The Pakistan government on Thursday agreed to appoint a caretaker prime minister by consensus ahead of the next general election as part of a deal struck with fiery cleric Tahir-ul-Qadri to end his protest near parliament that had put intense pressure on the country's fragile coalition.
"Today is victory for the masses of Pakistan; No one has seen such a large rally in the history of Pakistan; congratulations, many congratulations dear participants. The long march, Alhamdulillah, achieved its targets," said Qadri after signing an agreement with the government.
Qadri was holding a sit-in in the capital with thousands of his supporters for almost 68 hours and had vowed to remain unless revolutionary changes were not made to the political structure of the country.
As Qadri signed the agreement his followers started dancing, singing and termed him the real hero of the country. Qadri's followers also include women and children who spent almost 68 hours under the open sky and braved rains.
The main clauses of declaration were:
- The National Assembly shall be dissolved at any time before March 16, 2013 and the elections may take place within the 90 days. One month will be given for scrutiny of nomination paper for the purpose of pre-clearance of the candidates under article 62 and 63 of the constitution so that the eligibility of the candidates is determined by the Elections Commission of Pakistan.
- No candidate would be allowed to start the election campaign until pre-clearance on his/her eligibility is given by the Election Commission of Pakistan.
- The treasury benches in complete consensus with Pakistan Awami Tehreek will propose names of two honest and impartial persons for appointment as the caretaker prime minister.
- Under electoral reforms focus will be on the enforcement of electoral reforms prior to the polls on Article 62, 63 and 218 (3) of the constitution.
Under article 62 of the constitution, a member of parliament must be sagacious, righteous, and honest. Article 63 of the constitution says a parliamentarian will stand disqualified if he fails to pay a bank loan worth Rs 2 million or more for more than a year from the due date.
It says the member will also be disqualified if he defaults in payment of government dues and utility expenses, including telephone, electricity, gas and water charges in excess of Rs10, 000 for over six months.
But the sad side of the story is that nothing real was achieved from the long march. The only big achievement is that Qadri will be consulted when the caretaker PM will be nominated.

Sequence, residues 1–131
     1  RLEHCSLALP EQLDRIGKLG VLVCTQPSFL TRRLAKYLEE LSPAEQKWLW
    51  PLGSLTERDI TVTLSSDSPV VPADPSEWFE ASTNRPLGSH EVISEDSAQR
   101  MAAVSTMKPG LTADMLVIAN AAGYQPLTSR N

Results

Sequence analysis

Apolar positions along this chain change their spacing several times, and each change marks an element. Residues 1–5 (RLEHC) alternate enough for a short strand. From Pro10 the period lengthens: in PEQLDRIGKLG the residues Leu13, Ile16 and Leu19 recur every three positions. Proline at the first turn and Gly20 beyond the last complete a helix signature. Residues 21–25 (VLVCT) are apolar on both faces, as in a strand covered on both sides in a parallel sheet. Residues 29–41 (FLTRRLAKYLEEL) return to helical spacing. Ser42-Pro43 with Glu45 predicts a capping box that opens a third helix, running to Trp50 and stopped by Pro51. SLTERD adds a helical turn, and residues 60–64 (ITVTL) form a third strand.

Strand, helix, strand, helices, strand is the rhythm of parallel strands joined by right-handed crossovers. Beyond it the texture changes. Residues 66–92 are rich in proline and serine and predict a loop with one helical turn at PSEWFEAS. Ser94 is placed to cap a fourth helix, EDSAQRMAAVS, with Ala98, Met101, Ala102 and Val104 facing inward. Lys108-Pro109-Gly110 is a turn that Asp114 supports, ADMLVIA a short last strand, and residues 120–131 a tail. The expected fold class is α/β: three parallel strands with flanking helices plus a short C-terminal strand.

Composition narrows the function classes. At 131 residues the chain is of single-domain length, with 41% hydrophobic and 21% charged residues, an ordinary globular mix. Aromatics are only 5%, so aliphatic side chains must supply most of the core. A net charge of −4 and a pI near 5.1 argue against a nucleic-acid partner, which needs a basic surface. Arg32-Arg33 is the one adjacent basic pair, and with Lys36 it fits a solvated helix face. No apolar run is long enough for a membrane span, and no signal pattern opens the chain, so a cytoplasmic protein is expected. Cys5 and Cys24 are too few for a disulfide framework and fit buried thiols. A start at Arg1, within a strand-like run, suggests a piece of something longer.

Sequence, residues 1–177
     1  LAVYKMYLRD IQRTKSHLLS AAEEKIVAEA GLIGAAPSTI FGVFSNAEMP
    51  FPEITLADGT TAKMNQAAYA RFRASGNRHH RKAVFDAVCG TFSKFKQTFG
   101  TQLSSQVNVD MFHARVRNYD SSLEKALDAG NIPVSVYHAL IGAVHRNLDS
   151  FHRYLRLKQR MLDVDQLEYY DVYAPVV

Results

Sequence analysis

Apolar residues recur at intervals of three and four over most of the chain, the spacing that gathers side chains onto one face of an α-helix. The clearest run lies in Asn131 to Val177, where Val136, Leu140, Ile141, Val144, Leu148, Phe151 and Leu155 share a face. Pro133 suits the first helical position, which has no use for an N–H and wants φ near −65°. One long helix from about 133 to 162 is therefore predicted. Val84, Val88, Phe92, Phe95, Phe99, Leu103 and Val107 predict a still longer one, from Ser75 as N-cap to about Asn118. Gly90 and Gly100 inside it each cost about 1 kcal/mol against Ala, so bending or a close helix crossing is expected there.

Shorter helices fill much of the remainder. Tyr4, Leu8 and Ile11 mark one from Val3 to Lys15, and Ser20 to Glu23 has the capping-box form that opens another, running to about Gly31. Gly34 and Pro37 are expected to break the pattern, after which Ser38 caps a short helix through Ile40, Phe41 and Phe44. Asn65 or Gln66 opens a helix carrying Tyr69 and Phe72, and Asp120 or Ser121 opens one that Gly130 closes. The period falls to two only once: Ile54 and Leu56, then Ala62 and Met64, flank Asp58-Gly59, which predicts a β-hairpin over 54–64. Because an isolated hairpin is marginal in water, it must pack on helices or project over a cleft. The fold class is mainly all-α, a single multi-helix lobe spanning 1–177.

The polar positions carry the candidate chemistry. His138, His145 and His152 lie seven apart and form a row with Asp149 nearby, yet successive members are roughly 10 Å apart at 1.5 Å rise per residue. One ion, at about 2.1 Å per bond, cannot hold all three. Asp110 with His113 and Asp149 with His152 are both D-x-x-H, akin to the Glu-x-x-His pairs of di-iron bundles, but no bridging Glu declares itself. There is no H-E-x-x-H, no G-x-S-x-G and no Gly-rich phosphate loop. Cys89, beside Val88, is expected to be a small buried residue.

"There will be justice on Friday. You will have to stay on Thursday night, sleep here, go outside parliament and on Friday after 11 am, it will be the inaugural address of the people's democratic revolution; the PM and all the ministers are now ex-PM and ex-ministers. On Tuesday, when I will deliver a speech at D Square," he said.
Earlier, Qadri had said, "I will give you (the government) a deadline until Friday to dissolve the federal parliament and provincial assemblies. After that, the people's assembly will take charge."
However, he has now agreed that assemblies shall be dissolved before the scheduled time of March 16 -- even if it is one day earlier. Qadri entered into discussion with the government that he termed as 'Yazeedi Lashkar'.
He called his struggle as 'Hussaini Mission" but finally agreed to hold talks with the same people he had called the 'evil forces'.
Earlier, Qadri and Information Minister Qamar Zaman Kaira had criticised each other to such an extent that the latter ridiculed him by copying his style of speech during a press conference. But as the agreement was signed, both hugged each other and burst into laughter.
Another strong demand was the removal of Chief Election Commissioner Fakhruddin G Ibrahim and dissolution of election commission, but at the end he retracted from his earlier demands and just said 'some issues need more time to be resolved' so it will be discussed during the next meetings.
Kaira's remarks after the agreement were enough to show that the long march ended aimlessly when he told the media, 'No party has won or has lost'.
On December 23, 2012 as Qadri, returned to Pakistan, he declared that he will hold a 'Tahrir Square-like' gathering in Islamabad [ Images ], on January 14, 2013. He had also claimed to bring four million people to Islamabad.
Although Qadri failed to turn Islamabad into Tahrir Square and to revolutionise the political structure of the country, he still claims that he has achieved his goals.